This is the skin type with excess production of sebum on the face. It is also more acne-prone than other skin types and breaks out quite often when the excess oil binds with dead skin cells that form bacteria's nesting ground. 

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5. Sensitive Skin

This skin type is usually sensitive to natural elements like sunlight exposure and most skincare products. It breaks out into bumps, hives, and allergies and is prone to pigmentation from sun exposure more than any other skin type. The winters also mean special skincare for this skin type, and this skin type dries out quite a lot. 

Have you figured your skin type out? 

Fabulous! 

We shall now look at the skincare routines that each of the skin mentioned above should follow during the winters. 

1. Dry skin

  • Lukewarm water - First things first, never wash your face with hot water. This will kill your skin; now, that was just a figure of speech, but yes, it will dry your skin out. Lukewarm water is good, but cool water is the best for the skin.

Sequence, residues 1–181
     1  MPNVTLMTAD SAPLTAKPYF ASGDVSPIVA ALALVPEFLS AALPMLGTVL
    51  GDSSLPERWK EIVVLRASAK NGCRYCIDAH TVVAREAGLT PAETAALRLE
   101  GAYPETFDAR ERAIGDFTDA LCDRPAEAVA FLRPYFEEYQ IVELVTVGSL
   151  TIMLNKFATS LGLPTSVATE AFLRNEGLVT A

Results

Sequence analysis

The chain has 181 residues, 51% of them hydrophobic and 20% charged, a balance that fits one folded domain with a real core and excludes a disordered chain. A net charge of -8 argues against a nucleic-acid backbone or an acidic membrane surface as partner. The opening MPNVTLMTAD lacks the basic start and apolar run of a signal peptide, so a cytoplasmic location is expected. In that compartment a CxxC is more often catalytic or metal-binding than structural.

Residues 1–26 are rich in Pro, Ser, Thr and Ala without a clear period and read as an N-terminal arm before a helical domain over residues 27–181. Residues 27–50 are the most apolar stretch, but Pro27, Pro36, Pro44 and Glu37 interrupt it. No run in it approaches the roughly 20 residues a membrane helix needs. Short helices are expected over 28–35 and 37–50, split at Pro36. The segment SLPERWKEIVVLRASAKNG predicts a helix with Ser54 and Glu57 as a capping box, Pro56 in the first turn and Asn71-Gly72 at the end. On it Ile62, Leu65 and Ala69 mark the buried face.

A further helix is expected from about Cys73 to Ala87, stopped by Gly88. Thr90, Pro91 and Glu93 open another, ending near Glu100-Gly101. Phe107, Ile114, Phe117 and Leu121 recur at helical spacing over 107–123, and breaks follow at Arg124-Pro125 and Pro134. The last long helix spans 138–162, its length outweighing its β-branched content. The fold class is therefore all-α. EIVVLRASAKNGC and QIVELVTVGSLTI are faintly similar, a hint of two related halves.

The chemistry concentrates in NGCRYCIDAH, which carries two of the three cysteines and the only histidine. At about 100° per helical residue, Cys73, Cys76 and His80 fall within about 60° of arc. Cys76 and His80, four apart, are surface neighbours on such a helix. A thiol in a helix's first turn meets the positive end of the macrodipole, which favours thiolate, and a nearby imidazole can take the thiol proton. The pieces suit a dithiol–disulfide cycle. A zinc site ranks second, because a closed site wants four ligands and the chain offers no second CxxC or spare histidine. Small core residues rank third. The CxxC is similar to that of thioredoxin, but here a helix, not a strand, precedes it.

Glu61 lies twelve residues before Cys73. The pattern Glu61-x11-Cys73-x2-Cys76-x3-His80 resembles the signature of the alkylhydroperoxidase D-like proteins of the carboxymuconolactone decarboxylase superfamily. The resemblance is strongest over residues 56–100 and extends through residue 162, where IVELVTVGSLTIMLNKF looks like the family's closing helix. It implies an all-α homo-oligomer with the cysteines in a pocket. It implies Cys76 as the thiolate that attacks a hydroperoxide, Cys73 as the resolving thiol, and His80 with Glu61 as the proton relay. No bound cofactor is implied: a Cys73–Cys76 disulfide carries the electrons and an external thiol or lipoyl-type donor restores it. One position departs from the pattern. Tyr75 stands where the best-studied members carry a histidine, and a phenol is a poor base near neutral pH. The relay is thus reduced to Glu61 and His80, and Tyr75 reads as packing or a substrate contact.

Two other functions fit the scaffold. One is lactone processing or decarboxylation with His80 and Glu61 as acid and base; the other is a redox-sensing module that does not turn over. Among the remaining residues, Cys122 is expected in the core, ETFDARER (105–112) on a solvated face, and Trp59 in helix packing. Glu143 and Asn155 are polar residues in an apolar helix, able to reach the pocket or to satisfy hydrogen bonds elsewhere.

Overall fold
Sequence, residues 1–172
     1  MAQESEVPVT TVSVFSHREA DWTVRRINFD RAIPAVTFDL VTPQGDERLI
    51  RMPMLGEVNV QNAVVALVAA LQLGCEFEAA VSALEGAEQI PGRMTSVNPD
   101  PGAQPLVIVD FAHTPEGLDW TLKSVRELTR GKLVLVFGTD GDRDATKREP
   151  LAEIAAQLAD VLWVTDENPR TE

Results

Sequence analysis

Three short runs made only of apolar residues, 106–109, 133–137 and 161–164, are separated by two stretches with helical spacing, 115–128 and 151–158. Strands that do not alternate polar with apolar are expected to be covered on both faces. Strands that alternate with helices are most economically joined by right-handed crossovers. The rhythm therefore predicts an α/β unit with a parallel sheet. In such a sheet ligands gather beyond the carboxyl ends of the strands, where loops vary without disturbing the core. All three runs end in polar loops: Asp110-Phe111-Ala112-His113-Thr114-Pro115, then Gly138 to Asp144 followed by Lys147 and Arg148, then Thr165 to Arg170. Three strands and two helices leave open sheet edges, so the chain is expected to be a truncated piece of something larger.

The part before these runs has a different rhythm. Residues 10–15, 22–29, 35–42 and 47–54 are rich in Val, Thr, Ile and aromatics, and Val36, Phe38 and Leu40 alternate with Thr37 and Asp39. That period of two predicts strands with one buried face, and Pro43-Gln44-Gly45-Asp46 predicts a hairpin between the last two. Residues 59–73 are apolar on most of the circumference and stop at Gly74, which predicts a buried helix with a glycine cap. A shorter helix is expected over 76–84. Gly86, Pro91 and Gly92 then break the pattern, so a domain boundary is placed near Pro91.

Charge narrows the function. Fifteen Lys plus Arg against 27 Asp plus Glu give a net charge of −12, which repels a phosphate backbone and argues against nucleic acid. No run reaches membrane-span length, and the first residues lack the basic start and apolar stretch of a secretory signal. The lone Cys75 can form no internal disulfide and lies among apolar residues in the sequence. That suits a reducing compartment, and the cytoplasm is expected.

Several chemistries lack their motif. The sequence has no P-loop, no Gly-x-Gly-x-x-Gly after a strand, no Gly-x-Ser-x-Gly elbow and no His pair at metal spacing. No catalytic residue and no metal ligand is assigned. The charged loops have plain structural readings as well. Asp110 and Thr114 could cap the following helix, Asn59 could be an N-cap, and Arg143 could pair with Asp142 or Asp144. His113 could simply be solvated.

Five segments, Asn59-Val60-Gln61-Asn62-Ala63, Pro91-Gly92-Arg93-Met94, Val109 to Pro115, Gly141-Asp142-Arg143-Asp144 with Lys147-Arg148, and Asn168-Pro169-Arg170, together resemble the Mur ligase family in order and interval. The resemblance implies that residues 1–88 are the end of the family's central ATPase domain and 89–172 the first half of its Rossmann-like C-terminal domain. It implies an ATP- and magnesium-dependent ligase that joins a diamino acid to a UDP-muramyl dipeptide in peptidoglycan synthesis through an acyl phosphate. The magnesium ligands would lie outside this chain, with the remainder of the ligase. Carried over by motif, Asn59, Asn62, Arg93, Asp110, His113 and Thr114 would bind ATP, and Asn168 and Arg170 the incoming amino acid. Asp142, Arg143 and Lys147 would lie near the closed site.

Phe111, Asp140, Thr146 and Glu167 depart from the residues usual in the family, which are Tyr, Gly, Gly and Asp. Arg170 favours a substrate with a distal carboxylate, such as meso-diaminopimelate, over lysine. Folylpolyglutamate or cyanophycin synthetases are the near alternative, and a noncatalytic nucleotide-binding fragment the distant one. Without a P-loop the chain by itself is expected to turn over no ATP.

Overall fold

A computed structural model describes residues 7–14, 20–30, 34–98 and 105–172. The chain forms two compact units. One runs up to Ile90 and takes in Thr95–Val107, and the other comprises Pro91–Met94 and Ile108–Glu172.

• Moisturizing cleanser - Wash your face with cleansing oil or a moisturizing cream cleanser if you have makeup on, using a cleansing balm or oil to remove makeup effectively. This ensures that the skin is not stripped off any moisture and does not tug to the skin. A foaming face wash is a big no for this skin type as that would rip the skin off its little oils. 
  • Treatment - Follow this step with a treatment if you have one, like applying vitamin C to the skin, etc. 
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  • Toner – Tone the skin with a good moisturizing toner. A bunch of brands has toners that have crème particles in them. These toners are great for dry skin and add to the skin's required oil levels. 
  • Moisturization – Moisturize the skin with a strong oil base. Water-based hydration is not enough for the skin right now, and thus, it is oil-based moisturizers. Look for moisturizers that also have elements that can fortify dry skin. 
  • Sleep mask – It is often confusing when to put on the sleep mask and where it falls on the skincare routine. Well, this should be your last step or second last step if you want to put on face oil afterward as these locks in all the moisture to the skin helping dry skin retain the same through the night